Famously, the poem’s initial two lines, “We were very tired, we were very merry,/We had gone back and forth all night on the ferry” repeat themselves at the beginning of each stanza. Intriguingly, we anticipate a “but” to set up the contrast between the states of fatigue and exuberance, but it doesn’t occur, adding complication, perhaps suggesting the fervency of their passion. The omission could also imply a fatigue leading to silliness.

In their repetition, Millay ensures her readers’ focus on the activities themselves, separately depicted in each stanza: looking into a fire, leaning across a table; lying on a hilltop underneath the moon (stanza 1); eating fruit (stanza 2); buying a morning newspaper, hailing a mother, her head “shawl covered,” to whom they give their remaining fruit (stanza 3).

The references to looking into the fire and lying on a hill-top under the moon may initially appear incongruous in a poem supposedly confined to an all night ferry ride. A closer reading, however, implies they had exited the ferry at some point, perhaps to visit a tavern or café, enjoy the warmth of a fire and, later, lie on a hill top and gaze at the stars before reboarding: “And the whistles kept blowing….”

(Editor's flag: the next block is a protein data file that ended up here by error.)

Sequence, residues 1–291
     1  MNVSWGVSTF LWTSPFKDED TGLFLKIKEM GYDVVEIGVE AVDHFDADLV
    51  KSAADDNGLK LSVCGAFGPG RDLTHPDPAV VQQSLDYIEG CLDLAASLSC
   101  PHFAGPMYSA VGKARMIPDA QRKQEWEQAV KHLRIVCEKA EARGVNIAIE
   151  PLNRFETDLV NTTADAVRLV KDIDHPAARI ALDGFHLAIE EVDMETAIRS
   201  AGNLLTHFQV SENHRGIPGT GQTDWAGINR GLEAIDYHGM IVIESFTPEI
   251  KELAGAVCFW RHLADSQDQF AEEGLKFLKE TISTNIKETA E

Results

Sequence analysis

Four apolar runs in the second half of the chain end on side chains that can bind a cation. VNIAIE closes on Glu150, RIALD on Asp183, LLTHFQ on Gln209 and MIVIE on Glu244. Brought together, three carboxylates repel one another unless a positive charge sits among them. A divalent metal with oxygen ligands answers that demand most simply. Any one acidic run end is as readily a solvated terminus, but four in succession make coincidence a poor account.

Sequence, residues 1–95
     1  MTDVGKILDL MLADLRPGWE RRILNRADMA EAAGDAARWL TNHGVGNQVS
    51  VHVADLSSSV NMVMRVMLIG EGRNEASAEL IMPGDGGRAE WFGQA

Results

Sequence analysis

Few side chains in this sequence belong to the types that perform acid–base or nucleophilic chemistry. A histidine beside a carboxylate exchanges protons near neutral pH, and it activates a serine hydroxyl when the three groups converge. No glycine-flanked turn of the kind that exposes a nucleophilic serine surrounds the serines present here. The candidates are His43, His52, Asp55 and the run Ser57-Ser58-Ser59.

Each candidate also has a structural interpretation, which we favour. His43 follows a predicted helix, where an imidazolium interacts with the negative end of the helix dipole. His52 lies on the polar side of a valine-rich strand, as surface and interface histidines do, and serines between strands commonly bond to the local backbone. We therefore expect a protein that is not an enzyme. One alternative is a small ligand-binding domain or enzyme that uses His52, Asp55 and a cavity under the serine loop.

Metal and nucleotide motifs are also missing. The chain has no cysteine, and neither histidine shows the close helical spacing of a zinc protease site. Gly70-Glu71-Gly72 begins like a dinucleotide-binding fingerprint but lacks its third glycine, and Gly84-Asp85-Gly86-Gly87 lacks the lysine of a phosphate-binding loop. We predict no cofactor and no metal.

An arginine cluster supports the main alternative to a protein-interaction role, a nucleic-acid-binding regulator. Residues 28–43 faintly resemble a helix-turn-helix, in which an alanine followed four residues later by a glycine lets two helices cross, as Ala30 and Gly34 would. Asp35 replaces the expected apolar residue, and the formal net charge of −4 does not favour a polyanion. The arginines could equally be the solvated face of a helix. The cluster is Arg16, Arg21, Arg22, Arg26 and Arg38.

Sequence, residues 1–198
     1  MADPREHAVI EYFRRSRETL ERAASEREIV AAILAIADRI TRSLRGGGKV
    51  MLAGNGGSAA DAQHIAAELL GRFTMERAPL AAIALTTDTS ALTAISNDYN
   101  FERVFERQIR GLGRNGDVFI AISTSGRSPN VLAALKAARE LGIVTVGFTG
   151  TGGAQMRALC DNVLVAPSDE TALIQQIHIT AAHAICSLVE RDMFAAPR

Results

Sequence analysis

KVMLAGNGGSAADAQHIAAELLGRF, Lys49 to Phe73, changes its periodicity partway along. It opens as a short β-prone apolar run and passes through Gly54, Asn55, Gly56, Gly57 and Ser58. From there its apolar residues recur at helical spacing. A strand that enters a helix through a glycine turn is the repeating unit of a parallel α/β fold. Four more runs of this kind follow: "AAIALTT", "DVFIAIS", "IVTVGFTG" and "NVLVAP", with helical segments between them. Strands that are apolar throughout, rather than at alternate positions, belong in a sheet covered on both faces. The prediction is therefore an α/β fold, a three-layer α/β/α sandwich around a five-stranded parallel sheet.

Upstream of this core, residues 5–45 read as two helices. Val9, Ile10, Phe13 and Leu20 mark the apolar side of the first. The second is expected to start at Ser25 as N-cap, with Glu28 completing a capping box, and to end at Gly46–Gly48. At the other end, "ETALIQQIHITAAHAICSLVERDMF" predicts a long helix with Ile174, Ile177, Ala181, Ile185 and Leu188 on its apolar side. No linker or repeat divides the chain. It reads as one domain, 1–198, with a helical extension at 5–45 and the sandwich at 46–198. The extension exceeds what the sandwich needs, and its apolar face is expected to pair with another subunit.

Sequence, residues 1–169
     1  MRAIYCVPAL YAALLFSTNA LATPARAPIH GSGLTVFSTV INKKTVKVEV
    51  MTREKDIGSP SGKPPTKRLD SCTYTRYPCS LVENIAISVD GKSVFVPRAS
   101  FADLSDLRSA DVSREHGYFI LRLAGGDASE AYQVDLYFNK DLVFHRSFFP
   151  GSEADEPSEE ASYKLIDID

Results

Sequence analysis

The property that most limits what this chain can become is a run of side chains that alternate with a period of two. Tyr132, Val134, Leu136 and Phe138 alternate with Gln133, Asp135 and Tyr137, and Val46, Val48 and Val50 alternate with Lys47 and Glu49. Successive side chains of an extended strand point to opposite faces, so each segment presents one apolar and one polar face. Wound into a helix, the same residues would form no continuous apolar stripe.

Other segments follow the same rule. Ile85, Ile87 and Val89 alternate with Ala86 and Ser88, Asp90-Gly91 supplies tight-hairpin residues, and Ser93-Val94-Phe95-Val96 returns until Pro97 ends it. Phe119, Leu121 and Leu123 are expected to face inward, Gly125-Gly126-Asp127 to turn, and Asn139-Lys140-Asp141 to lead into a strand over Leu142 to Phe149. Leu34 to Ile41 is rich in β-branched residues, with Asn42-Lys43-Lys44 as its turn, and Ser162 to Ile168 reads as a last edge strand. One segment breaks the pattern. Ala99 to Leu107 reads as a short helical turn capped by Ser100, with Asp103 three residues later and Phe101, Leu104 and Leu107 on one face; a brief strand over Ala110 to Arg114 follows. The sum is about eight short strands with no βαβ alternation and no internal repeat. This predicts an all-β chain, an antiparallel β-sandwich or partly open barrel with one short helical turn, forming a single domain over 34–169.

The mother appellation suggests the lovers’ own freedom from the encumbrances of marital. love. As such, this is a poem intrinsic to the Greenwich Village bohemianism of that era.

While the poem is sparing of the usual metaphors, it turns sharply poetic in the exquisite “And the sky went wan and the wind came cold,/And the sun rose dripping, a bucketful of gold.”

As such, it reflects the poem’s latent contrast between their practiced frugality and the plenitude of their love, reinforced at poem end in their giving their fruit away.The poem haunts with its rhythms–hexameter lines replete with feminine and masculine rhymes along with occasional near rhymes, alliteration and assonance, coalescing into a sensuous ambience.

Redolent with the nuances of memory, the poem sparkles with the effulgence of new love and idealization of a day that endures because of it. And like Whitman, the poem sanctifies the individuality of everyday experience. Despite the denigration of Modernists, the poem’s fundamental strength lies in its very simplicity, affording accessibility and enjoyment.

–R Joly